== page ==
adapt it to the cast. In the case of an maxillary cast
first adapt it at the palate with thumb pressure. In
the case of lower cast adapt it over the ridge first.
Resoften the unadapted areas of base plate section
by section and thus complete the adaptation all over
the ridge; buccal, labial and lingual areas of cast.
Finger pressure is used to adapt the base plate.
Cut away the excess base plate beyond the sulcus
and posterior border by sharp hot knife or by scissors
or by using a narrow bladed fine teethed saw (Figs
6.4 and 6.5).
Resoften the borders and complete the adaptation.
File the borders to the peripheral outline of the
cast.
Smoothen and make the borders round with sand
paper. Lab hand piece can also be used for this. To
make handle leftover pieces of Shellac are joined to
one another to proper thickness and size of handle
and shaped. One end of this is heated and attached
to the adapted Shellac at a convenient place. Then
the attached borders of the handle are sealed with
hot wax spatula. When cooled the handle must be
firm in place. Piece of impression compound also can
be used to make handle. If one is using ZOE paste
for final impressions it will adhere to the dry surface
of the impression tray and so there is no need of

40

Essentials of Prosthodontics
a. Sprinkler (Salt and Pepper) Method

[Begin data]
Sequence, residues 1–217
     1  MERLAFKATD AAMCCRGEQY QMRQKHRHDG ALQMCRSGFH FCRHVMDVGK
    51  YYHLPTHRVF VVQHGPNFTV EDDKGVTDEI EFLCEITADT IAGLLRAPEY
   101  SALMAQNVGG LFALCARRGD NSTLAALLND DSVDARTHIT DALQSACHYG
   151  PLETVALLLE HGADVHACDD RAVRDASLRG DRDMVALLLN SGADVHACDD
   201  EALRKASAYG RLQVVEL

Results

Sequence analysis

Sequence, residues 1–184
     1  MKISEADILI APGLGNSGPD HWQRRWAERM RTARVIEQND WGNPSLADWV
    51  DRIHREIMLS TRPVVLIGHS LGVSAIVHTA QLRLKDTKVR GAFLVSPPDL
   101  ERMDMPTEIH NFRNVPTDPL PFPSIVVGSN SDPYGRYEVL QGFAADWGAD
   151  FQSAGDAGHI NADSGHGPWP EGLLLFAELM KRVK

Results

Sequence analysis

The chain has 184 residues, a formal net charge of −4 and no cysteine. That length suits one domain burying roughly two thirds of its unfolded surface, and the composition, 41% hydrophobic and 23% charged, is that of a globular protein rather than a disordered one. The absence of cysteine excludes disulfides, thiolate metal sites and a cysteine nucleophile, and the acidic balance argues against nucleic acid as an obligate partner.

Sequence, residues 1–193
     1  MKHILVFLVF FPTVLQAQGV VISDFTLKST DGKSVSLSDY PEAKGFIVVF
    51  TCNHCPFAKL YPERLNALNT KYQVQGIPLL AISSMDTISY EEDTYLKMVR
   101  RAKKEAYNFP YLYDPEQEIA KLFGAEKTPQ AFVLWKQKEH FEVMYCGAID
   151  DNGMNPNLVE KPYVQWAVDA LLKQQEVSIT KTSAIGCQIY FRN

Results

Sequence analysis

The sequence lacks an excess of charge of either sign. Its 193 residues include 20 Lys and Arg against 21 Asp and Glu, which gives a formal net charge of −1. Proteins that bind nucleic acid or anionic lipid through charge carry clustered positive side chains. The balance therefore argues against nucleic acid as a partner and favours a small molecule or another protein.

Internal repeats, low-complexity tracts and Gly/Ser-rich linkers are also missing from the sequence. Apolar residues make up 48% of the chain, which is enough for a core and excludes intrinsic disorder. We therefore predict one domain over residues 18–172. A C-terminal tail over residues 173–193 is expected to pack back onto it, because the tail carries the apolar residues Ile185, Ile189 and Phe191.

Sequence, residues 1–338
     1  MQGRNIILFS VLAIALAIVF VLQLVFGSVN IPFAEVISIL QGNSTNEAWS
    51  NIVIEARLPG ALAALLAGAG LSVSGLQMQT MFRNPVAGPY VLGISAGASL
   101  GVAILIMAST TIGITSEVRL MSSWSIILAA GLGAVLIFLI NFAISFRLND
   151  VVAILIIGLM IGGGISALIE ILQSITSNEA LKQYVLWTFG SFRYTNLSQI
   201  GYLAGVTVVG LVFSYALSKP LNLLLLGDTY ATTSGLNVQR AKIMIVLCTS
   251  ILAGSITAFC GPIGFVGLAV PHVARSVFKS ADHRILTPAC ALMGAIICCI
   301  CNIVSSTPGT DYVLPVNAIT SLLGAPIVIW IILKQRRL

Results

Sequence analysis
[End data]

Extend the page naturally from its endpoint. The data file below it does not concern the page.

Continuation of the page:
Part 2

Fig. 6.5: Base plate (shellac) adaptation (fitting surface)

perforations. On the other hand, if alginate is the


final impression material, perforations (holes) are
drilled into the base plate with a round bur or by
piercing a hot instrument into the base plate (Fig.
6.6).
Spacer wax is removed only after border moulding
but before the final impression material is loaded
into the tray.
Close fitting shellac special tray (without spacer)
can also be used while using ZOE paste as final
impression material
Acrylic Resin Special Tray
AdvantagesMore rigid and strong, unbreakable,
do not distort.
Self Cure (Cold Cure) Resin Tray
Methods
a. Sprinkler (salt and pepper) method
b. Dough method

Outline periphery of tray on the cast apply separating


medium (cold mould seal) to the cast surface.
Wait for it to dry. Apply Vaseline to your fingers
lightly. Adapt one or two thickness sheets of base
plate wax as spacer over the cast to the required
outline for basal seat area, i.e., over the crest of the